SEOUL -- South Korea's shipping industry should quickly overcome the aftermath of Hanjin Shipping's bankruptcy and bulk up through mergers to compete with European majors which have dominated global marine routes by forming "cartels," said Kim Young-moo, vice chairman of the Korea Shipowners Association (KSA).
Under a sweeping government-led program to restructure the country's ailing shipping industry, Hanjin Shipping which used to be South Korea's top container carrier terminated its 40-year-long business in February last year. Some of its assets were sold to Hyundai Merchant Marine controlled by creditors.
SM Lines became a major container carrier in South Korea by acquiring a U.S.-Asia route from Hanjin Shipping. The company has launched a series of joint routes with domestic and foreign partners to strengthen its competitiveness.
"We should consider the merger between Hyundai Merchant Marine and SM Lines," Kim said in an interview with Aju Business Daily. "We will be able to compete with cartelized European shippers if we can quickly increase our loading capacity, reduce various costs, and streamline our routes through mergers."
Kim has lamented Hanjin's liquidation as a big policy mistake made by the government of ex-president Park Geun-hye because it weakened the overall competitiveness of South Korean shippers and helped foreign rivals increase their clout.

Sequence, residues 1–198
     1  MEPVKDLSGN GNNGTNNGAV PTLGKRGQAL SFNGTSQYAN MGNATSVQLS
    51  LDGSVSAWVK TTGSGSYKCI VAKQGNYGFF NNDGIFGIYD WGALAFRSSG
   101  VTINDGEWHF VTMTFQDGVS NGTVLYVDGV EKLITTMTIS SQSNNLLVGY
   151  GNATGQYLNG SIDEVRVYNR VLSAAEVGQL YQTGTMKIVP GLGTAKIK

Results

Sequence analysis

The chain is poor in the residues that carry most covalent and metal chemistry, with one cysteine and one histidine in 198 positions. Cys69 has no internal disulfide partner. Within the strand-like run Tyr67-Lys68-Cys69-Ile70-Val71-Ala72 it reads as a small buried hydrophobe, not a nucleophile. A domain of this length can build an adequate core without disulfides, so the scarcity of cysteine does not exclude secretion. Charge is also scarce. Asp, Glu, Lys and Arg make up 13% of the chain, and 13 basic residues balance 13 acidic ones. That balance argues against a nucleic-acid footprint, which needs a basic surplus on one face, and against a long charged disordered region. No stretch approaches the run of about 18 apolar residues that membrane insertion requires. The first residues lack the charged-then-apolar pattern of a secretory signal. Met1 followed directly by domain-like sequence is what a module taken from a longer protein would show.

South Korea should have combined Hanjin Shipping and Hyundai Merchant to create a big company with a capacity of one million TEU (twenty-foot equivalent unit) container ships that would have reduced port processing costs by about 20 percent, he said.
"You must learn a lesson from this failure," Kim said, pointing to a new government campaign to increase South Korea's total container fleet capacity to 1.13 million TEU by 2022. The capacity of Hyundai Merchant and SM Lines is estimated at 400,000 TEU and 170,000 TEU, respectively.
"Currently, we have no ability to take cargo from European shipping companies. We should enhance our competitiveness by increasing the number of ships and fleet through mergers."
South Korean shippers are required to place orders for 200 ships for five years as part of a government scheme to rehabilitate the domestic shipbuilding industry. However, European companies have lodged a protest, accusing South Korea's shipping industry of receiving unfair state subsidies that would result in oversupply.
"I have no idea what is unfair because our government is going to support and revive our troubled shipping industry as Europe did," Kim said, adding that Europe and China had provided various financial support for the recovery of their shipping industries after the global financial crisis in 2008.
Kim said Hyundai Merchant with 17 ships is small, compared to top global players who have a combined backlog of orders for more than 40 ships. "We should not lose our impetus as large domestic law firms concluded that there is no problem with our government policy."
(This interview was conducted by Aju Business Daily reporter Ryu Tae-woong.)
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